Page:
No one was surprised that this morning’s Motorola announcement detailed its Milestone 2 handset intended for the European market, although the Motorola Defy was a little more out of left field – a rugged-ish handset meant to take all of life’s little knocks. We spent a bit of time with each handset and here are our many and varied thoughts. We’ll start with the Motorola Milestone 2 – but if the Defy is more your thing then just hop straight on over to page six.
So here it is, the Motorola Milestone 2 (known as the Droid 2 in the US). Looks familiar doesn’t it – design-wise not a great deal has changed since the heady days of the original Milestone. The top panel incorporates the funny little chin that we saw (and loathed) on the Motorola Milestone XT720, but aside from that, you could just be looking at the Milestone. Of course, the other difference is that the Milestone 2 has Motoblur onboard – that’s Moto’s own social networking amalgamator.
It’s quite a slim handset, and felt a touch lighter and less unwieldy than the chunky, mannish Milestone. You can see the side-mounted camera button there, as well as the volume control.
The keyboard is still flush with the bottom panel, but the centre of each key feels slightly more raised. Motorola has also done away with the big fat d-pad that was part and parcel of the original Milestone, opting for cursors instead. Personally, I quite liked the d-pad but many will prefer the more regimented cursor option. The slide-out motion was adequate – not too stiff, not too loose – and the auto-rotate was nice and snappy. We can’t abide a slow auto-rotate.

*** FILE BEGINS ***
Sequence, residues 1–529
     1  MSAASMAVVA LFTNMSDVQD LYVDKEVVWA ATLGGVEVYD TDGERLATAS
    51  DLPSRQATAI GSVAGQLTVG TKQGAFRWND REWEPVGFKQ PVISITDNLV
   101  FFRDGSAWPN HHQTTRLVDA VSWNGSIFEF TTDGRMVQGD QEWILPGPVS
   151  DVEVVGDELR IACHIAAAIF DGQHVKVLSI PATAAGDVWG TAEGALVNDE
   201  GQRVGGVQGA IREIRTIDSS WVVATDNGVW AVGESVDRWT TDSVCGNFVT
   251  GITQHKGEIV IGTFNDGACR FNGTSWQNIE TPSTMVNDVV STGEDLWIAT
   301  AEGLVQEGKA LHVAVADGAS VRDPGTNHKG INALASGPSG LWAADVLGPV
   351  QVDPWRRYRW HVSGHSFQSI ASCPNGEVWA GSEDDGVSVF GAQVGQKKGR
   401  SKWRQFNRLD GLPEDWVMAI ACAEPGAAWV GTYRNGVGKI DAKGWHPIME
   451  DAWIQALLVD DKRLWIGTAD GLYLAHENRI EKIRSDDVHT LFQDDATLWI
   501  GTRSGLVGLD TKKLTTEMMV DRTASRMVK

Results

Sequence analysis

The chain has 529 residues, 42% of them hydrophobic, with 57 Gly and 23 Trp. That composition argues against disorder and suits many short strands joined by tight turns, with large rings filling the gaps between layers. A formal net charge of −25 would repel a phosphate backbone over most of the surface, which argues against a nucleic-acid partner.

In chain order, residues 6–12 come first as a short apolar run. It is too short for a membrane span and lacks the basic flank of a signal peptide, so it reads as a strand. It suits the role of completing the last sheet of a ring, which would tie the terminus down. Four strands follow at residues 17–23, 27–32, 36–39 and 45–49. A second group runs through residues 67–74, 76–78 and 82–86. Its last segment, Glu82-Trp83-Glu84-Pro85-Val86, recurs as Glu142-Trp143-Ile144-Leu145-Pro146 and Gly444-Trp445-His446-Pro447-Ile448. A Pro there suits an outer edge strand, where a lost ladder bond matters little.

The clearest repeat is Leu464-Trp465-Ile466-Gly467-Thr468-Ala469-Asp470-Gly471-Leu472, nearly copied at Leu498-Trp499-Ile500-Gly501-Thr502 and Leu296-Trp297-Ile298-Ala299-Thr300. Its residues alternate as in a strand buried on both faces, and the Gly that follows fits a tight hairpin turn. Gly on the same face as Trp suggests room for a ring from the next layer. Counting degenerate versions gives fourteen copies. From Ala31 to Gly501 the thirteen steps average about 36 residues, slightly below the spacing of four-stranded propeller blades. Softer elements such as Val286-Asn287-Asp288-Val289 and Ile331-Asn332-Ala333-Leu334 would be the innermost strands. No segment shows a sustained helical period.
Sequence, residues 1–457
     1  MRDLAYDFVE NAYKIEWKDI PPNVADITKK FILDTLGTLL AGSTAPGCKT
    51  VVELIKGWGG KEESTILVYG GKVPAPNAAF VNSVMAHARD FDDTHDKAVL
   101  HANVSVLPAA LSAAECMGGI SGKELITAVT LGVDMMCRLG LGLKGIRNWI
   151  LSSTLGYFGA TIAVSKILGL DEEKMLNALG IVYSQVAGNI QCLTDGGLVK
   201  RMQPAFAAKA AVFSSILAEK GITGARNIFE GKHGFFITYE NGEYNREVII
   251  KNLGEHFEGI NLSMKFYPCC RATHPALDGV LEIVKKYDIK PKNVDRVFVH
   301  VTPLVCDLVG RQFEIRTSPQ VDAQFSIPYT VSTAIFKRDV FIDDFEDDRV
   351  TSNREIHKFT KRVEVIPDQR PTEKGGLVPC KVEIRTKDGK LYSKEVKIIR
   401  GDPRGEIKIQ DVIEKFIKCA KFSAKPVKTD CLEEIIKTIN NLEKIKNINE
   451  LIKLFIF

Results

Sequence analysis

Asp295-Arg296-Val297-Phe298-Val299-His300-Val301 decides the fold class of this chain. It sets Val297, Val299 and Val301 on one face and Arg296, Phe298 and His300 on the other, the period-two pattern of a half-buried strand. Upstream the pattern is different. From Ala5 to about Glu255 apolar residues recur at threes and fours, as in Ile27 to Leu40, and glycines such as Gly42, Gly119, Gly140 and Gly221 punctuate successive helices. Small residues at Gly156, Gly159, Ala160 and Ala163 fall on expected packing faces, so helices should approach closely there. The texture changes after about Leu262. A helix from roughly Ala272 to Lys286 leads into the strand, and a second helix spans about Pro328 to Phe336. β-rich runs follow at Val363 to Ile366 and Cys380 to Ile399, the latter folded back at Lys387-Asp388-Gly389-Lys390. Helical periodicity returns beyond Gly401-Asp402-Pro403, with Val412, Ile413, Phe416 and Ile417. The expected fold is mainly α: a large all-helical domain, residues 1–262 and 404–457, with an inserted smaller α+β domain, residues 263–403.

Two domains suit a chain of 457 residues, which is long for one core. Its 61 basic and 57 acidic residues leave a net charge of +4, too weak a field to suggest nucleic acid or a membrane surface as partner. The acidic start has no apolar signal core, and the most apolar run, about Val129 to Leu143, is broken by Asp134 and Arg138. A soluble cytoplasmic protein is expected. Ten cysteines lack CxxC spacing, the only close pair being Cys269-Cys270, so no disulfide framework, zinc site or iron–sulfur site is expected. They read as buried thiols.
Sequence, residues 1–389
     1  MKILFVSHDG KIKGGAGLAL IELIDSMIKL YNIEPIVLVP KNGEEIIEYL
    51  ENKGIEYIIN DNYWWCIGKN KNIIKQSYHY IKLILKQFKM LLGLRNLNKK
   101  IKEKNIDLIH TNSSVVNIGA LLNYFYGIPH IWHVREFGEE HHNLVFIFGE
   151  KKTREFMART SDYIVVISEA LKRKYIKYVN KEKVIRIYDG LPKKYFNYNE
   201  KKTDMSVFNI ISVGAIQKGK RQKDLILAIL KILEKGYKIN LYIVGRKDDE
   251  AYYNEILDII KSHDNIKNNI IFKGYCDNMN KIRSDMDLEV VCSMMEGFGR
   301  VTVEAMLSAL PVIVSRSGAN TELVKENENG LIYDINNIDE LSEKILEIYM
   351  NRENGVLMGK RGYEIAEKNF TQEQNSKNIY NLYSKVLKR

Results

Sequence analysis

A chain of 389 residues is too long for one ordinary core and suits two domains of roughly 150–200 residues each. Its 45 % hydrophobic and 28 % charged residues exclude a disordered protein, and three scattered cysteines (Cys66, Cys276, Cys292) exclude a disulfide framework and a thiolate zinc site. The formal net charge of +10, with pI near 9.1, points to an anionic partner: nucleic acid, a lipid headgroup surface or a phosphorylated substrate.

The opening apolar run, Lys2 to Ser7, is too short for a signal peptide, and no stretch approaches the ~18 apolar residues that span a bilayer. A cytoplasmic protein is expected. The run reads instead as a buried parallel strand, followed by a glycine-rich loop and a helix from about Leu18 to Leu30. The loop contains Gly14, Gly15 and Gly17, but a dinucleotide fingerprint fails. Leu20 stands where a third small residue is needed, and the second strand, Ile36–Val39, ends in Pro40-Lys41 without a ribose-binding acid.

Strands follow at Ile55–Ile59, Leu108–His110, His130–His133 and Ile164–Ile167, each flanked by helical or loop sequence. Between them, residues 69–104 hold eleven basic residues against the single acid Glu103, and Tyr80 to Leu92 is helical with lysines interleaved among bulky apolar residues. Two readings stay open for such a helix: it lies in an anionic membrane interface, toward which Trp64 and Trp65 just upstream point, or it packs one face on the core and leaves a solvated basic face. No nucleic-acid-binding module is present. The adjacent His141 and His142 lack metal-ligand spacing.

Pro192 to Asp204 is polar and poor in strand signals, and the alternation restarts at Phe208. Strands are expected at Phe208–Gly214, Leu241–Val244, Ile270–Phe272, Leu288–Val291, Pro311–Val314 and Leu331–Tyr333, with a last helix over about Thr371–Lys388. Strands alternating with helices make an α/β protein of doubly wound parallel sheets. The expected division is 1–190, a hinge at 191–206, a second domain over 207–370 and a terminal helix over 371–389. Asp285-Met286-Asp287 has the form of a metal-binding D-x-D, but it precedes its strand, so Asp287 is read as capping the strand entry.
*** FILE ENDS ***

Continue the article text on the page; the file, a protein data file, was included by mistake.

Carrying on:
Despite being very slim, the Milestone 2 feels pretty sturdy.
Here it is lined up with a BlackBerry Bold 9700 and a Google Nexus One – it’s a little taller than the Nexus One but that screen is very generous and nice and bright. I’m sure Carey Grant and Deborah Grant would approve.
And here’s the Motorola Defy – it’s a little less exciting, running Android 2.1 rather than the Milestone 2’s Froyo (2.2) but it does offer Flash Lite. We’d have loved to show you but we couldn’t seem to get online – sad times.
You’ll be able to get the Defy with that white border, or with a black lining instead. The nuts and bolts are left exposed as part of its off-roader look, but we couldn’t help feeling like we were holding a toy phone. At least the 5-megapixel camera worked really well – and that’s an LED flash there next to it.
Typing wasn’t too tricksy on that touchscreen; for convenience, the handset comes with Swype as one of its standard text input options. It takes a bit of getting used to but once you’re in the Swype zone you may even break records for text messaging speeds…
Again, we’re not on board with those exposed screws. We also missed the camera shutter button on the side of the handset, absent as it is.